(3)  The report also stipulates (page 69) that Schultz asked Attorney Wendell Courtney for legal advice on the subject of reporting suspected child abuse. The Freeh Group admits that it could not find out what advice Courtney provided, but it nonetheless accuses Schultz and others of a cover-up without having this information in hand. The bottom line is however that Schultz exercised what appears to be due diligence by asking an attorney what obligations the University had regarding the 2001 shower incident.

(4)  The report admits that Curley told the Executive Director of the 2nd Mile about the 2001 shower incident, and the Director then told two 2nd Mile Trustees. They concluded that it was a “non-incident,” but Freeh’s press release and findings do not carry a single word of blame for the 2nd Mile.

The Second Mile, the Department of Public Welfare (which should have told the 2nd Mile about the 1998 incident even though Sandusky was not prosecuted), and Governor Corbett are all conspicuous by their absence from the Freeh Group’s harsh findings. As Attorney General, Corbett delayed prosecution of Sandusky so he could “gather more evidence” ( and,0,467687.story), i.e. allow Sandusky to keep doing what he was doing in the meantime. When Mr. Corbett became a Trustee ex officio, he then withheld from his fellow Trustees knowledge of the problem with Sandusky until he pretended to be surprised by it on November 9. He also apparently accepted campaign contributions from 2nd Mile leaders while he was investigating Sandusky, and approved a state grant to the 2nd Mile.

The Freeh Report’s failure to even mention these organizations’ and Governor Corbett’s roles in allowing Sandusky to continue his activities taints the entire work product with a perception of incomplete work at best. The only things that have been “marred” by this report are therefore the Freeh Group’s brand name, and also Trustee Peetz’s own record of service to Penn State for accepting its findings without (apparently) reviewing the information presented above. To recap:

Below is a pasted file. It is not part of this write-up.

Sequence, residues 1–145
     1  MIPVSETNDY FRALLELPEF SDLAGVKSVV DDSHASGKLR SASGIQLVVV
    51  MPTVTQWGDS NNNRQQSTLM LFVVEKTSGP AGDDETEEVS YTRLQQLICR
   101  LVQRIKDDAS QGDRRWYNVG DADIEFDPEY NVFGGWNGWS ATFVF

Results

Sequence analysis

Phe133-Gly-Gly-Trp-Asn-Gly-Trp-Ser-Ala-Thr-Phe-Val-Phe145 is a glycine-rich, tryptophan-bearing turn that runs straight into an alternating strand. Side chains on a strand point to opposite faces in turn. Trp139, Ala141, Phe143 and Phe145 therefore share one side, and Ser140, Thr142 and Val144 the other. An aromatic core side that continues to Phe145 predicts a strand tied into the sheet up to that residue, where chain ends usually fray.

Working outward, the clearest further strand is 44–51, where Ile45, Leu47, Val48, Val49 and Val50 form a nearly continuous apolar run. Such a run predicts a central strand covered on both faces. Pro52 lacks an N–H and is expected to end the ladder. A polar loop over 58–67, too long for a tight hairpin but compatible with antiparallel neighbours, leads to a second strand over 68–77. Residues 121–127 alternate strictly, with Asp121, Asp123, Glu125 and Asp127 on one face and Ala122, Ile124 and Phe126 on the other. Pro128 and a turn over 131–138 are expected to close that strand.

(1)  On 11/9, the Trustees turned the Sandusky scandal into the Penn State scandal by effectively accepting blame on Penn State’s part for Sandusky’s activities.

(2)  The Trustees then brought in the Freeh Group to deliver what is, in my opinion as supported by the facts above and others, an incompletely researched product that does not support its own conclusions, and even contradicts its own conclusions.

(3)  Trustee Peetz, without apparently reading and assessing the report’s contents as shown by her statement to the press, accepted the Freeh Report’s defective conclusions on Penn State’s behalf.


–Bill Levinson B.S. ‘78

PS4RS Members respond to BoT Chairman Karen Peetz’s message to alumni on July 18, 2012 on the Freeh Report

-William A. Levinson, PSU B.S. ‘78

Dear Mr. Emmert, copied to PSU alumni,

Most people learn—let’s say in elementary school if they are on a safety patrol—that their authority covers very specific rules that everybody knows and recognizes. Somebody who uses his or her authority to make up rules, and also to act without due process and due diligence as you have just done with regard to Penn State, soon loses his authority if the organization values its credibility. You enforced a rule that is not in the NCAA’s list of rules, without proof that the rule you made up has even been broken—the Freeh Group is known for slipshod investigative workmanship ( and you also sidestepped the NCAA’s own disciplinary process. You also vacated Penn State’s wins without any evidence whatsoever that Penn State won the games by cheating (e.g. use of ineligible players, payments to student athletes, or whatever) which further underscores your arbitrary, capricious, and totally irresponsible use of your authority.